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Employsure’s Guide to Dangerous Work.

Published January 09, 2017 (last updated November 17, 2020) -

Alarming statics have recently been released from WorkSafe New Zealand, which show that there were 290 fatal work related incidents during the period of 2011 to November 2016.

Considering this, there is no better time to review the health and safety requirements of your workplace to ensure it is free from hazards, but more so, if your business function is deemed dangerous, that all possible preventative measures and protections are in place. Identified below are some key aspects to consider and review in any workplace.

Identification of risks and hazards.

Depending on the core function of your business, hazards may or may not be prevalent. In any case, it is your responsibility as an employer or business owner to identify any hazards or potential risks and, as far as reasonably practicable, remove or minimise them to ensure the safety of all workers and others within your workplace.

Conducting a workplace audit and engaging your staff to assist in identifying any risks or hazard is central to this process. Ensuring communication channels are open or pinpointing other ways for staff to report risks and hazards will help with the recognition and removal of them.

Supervision and training.

It is a crucial obligation of employers to ensure all staff using plant and equipment, or handling dangerous chemicals or other substances in the workplace, are highly trained in the function and safety protocols before they begin. Once the worker commences using it the equipment or handling the chemicals, they should be supervised by highly skilled personnel until they are more experienced. Workers in these capacities should also receive regular and ongoing training to ensure continual safe use or handling.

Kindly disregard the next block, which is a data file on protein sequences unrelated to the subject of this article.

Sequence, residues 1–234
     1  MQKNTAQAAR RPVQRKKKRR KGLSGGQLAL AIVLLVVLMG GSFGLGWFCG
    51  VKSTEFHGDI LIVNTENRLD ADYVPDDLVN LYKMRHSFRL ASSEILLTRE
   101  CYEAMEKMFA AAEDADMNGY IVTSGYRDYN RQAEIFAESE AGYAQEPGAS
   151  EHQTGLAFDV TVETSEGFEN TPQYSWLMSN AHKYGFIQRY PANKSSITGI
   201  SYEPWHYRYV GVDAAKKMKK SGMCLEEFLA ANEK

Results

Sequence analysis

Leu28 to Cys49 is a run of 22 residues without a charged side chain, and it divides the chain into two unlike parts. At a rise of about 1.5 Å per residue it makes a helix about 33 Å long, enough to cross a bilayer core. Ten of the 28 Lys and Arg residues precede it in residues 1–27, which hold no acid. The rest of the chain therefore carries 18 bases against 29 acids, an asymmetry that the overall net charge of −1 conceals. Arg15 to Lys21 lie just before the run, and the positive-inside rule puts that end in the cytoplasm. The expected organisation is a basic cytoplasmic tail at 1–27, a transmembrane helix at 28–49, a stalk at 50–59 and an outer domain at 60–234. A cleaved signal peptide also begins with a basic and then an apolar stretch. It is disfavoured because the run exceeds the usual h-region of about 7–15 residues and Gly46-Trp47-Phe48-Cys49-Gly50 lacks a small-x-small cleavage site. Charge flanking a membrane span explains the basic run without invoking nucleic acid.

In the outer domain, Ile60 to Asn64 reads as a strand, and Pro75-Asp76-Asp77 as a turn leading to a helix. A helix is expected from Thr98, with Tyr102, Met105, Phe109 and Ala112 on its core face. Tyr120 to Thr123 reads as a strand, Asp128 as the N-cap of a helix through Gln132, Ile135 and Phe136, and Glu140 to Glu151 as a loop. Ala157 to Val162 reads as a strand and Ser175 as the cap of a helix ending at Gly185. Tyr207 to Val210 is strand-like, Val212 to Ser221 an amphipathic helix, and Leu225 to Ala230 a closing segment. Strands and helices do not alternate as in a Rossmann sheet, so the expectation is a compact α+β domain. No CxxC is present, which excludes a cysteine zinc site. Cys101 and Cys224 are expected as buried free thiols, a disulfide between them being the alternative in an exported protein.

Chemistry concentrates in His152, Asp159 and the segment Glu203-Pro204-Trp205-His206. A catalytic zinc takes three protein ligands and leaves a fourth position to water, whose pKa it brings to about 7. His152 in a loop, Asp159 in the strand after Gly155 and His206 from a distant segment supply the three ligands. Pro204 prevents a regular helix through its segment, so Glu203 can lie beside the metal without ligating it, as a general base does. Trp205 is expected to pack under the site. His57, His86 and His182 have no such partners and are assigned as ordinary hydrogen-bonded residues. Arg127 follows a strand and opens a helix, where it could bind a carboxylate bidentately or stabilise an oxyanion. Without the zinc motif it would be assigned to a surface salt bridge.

Policies and procedures.

Any workplace, regardless of the type and function, needs to have clearly defined policies and procedures in place. Emergency procedures are paramount for all businesses and outline a clear plan in the event of evacuation due to fire or any other emergency.

Safety policies and procedures are also crucial in many working environments and stipulate how work must be carried out to prevent accidents. These policies and procedures should include precautionary measures and other ways to ensure safety in more dangerous working environments.

Any policy and procedure devised needs to be clearly communicated to all employees and presented in writing to ensure they have the opportunity to read and understand the requirements. It is best practice to request an acknowledgement form to be signed by each employee and kept on file. If you adapt or introduce a new safety policy and procedure, all employee must be made aware and requested to re-sign a new acknowledgement form.

Keep copies of these policies and procedures in common areas, such as a notice board or staff room, where they can be easily accessed. Make sure you keep staff updated on changes, or allow for recommendations to be made at all staff meetings or toolbox talks.

Personal Protective Equipment (PPE).

Personal protective equipment (PPE) is any type of protective clothing, other garment or equipment that is designed to protect a person from injury or infection. This equipment is provided to protect against physical, electrical, heat, chemicals, biohazards, and airborne hazards.

PPE is a fundamental aspect in many industries to protect workers while carrying out potentially dangerous activities. Whether it be safety harnesses when working from heights or jackets to protect against the elements when working outdoors, it is the responsibility of employers to understand what workers require, provide the appropriate items when necessary, and where required, maintain and service equipment to make sure it is in good working order.

Keeping a log of all equipment will allow you to manage its use, its age and its condition, while allowing you to keep track of when maintenance was last carried out.

It is important to remain on top of your obligations when it comes to protecting your employees and all others in your workplace. Employsure is the leading workplace relations specialist and can assist with any questions or concerns you have relating to health and safety in your workplace. Speak with a specialist today on 0800 675 700.

About Employsure

Employsure is one of New Zealand’s largest workplace relations advisers to small and medium businesses, with over 5,500 clients. We take the complexity out of workplace legislation to help small business employers protect their business and their people.

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